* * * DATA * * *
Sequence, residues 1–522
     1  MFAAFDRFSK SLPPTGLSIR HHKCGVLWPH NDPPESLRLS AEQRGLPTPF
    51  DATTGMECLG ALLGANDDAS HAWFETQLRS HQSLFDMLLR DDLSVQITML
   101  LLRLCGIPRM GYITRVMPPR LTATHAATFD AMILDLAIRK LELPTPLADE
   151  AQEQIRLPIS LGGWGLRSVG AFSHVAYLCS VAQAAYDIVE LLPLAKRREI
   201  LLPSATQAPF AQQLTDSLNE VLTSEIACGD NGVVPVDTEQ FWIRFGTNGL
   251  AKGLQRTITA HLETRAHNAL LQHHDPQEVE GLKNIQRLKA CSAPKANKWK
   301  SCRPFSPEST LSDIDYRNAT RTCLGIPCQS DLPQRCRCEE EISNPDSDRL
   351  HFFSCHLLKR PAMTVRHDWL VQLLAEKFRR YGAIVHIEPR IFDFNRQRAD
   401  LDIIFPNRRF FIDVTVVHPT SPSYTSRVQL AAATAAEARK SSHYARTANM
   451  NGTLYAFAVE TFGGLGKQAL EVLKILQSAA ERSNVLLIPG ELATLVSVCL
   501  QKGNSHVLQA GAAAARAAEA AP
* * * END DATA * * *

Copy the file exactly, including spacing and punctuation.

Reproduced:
Sequence, residues 1–522
     1  MFAAFDRFSK SLPPTGLSIR HHKCGVLWPH NDPPESLRLS AEQRGLPTPF
    51  DATTGMECLG ALLGANDDAS HAWFETQLRS HQSLFDMLLR DDLSVQITML
   101  LLRLCGIPRM GYITRVMPPR LTATHAATFD AMILDLAIRK LELPTPLADE
   151  AQEQIRLPIS LGGWGLRSVG AFSHVAYLCS VAQAAYDIVE LLPLAKRREI
   201  LLPSATQAPF AQQLTDSLNE VLTSEIACGD NGVVPVDTEQ FWIRFGTNGL
   251  AKGLQRTITA HLETRAHNAL LQHHDPQEVE GLKNIQRLKA CSAPKANKWK
   301  SCRPFSPEST LSDIDYRNAT RTCLGIPCQS DLPQRCRCEE EISNPDSDRL
   351  HFFSCHLLKR PAMTVRHDWL VQLLAEKFRR YGAIVHIEPR IFDFNRQRAD
   401  LDIIFPNRRF FIDVTVVHPT SPSYTSRVQL AAATAAEARK SSHYARTANM
   451  NGTLYAFAVE TFGGLGKQAL EVLKILQSAA ERSNVLLIPG ELATLVSVCL
   501  QKGNSHVLQA GAAAARAAEA AP